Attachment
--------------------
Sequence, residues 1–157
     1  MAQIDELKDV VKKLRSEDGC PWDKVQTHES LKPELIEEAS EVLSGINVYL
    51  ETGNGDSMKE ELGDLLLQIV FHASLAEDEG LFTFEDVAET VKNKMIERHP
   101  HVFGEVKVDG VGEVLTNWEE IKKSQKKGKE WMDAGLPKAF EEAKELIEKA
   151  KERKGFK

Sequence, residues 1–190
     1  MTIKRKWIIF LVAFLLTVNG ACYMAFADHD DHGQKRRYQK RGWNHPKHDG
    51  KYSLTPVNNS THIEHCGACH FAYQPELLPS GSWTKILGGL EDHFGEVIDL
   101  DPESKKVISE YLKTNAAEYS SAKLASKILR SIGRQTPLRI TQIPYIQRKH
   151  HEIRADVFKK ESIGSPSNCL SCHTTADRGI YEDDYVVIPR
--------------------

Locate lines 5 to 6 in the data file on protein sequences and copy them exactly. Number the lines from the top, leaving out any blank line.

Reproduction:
   151  KERKGFK

Sequence, residues 1–190